Nina’s Awesome Ocean Experience – The Salty Seahorse Block

OK, so one of the downsides to owning a quilt store (ScruffyQuilts) is that you frequently fall in love with a pattern or kit that you MUST have. Suffering from the inevitable guilt from the purchase, rationalization sets in. Yes of course it’s a justifiable purchase – after all, what better motivation to put together a shop sample?

Query: Will it be completed before the fabric lines or kits are unavailable or the pattern has lost its shiny penny quality? Probably not. Well, no matter. We’ll do a blog sharing our experience and tips as we go along – never mind that installments may be few and far between what with all the other interfering obligations and excuses.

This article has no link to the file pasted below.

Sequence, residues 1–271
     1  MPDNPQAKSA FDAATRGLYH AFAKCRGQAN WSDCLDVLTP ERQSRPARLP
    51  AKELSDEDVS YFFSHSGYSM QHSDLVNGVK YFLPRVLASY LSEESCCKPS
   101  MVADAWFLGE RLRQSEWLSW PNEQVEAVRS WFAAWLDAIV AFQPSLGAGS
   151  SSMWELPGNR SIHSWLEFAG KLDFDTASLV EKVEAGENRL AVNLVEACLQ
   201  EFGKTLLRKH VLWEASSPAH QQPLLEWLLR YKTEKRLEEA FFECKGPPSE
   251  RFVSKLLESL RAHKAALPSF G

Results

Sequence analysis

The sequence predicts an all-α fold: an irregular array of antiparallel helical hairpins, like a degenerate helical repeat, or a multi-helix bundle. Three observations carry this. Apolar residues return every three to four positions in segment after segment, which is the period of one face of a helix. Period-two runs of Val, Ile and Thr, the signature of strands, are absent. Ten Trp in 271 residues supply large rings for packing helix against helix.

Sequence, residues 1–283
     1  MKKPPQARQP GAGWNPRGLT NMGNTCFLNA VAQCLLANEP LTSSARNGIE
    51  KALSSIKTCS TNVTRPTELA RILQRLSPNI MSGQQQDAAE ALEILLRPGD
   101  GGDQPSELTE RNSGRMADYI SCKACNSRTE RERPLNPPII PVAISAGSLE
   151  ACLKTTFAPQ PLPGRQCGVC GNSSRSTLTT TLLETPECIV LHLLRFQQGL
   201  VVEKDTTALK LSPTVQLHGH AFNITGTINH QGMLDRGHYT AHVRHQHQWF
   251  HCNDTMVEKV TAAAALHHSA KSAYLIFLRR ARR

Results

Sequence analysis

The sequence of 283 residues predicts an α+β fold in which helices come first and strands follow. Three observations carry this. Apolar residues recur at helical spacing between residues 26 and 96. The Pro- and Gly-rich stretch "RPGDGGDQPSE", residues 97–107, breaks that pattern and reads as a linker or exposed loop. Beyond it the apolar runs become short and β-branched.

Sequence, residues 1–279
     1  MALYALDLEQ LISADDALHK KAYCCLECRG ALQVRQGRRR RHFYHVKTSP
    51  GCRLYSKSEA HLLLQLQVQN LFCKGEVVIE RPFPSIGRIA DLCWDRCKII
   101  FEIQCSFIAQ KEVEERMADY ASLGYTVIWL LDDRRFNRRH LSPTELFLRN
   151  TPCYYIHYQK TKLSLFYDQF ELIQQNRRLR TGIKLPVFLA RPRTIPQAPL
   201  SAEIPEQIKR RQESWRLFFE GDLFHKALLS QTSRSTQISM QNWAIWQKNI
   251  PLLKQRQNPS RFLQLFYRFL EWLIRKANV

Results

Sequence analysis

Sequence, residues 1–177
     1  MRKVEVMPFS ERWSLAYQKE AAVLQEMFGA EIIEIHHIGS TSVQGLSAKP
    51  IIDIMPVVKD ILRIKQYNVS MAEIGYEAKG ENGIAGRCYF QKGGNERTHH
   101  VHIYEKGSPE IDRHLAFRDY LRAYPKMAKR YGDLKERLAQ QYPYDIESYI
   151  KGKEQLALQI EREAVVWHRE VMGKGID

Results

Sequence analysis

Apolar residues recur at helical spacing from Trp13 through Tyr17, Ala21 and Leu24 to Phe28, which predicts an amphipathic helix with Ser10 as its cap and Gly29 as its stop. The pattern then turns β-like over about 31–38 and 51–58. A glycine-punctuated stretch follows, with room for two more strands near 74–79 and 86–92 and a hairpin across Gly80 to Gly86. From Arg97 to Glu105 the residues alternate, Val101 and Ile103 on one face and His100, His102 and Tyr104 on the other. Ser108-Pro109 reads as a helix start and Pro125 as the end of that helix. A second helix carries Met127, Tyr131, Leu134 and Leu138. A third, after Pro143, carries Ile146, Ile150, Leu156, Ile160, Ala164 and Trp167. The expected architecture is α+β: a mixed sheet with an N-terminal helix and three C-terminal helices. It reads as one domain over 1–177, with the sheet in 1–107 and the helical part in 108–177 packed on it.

Anyway, here is Installment #1 – The Salty Seahorse Block.

While I was back in the States for the holidays, I purchased the Awesome Ocean kit, but substituted a white Grunge fabric for the background.


Already, I realize one of the consequences of the substitution decision is that I will need a substitute for the “white detail fabric” referenced in the pattern because the kit provides a white solid. So off to my local Irish quilt shop (Sew Dublin in Rathmines) I will go – perhaps a rich cream or light beige? Or maybe multiple substitutions for appropriate contrast and coordination?

So, it was in part in the spirit of procrastination on any momentous decision making that I opted to work on Salty first, because Salty doesn’t involve any dreaded “white detail fabric”.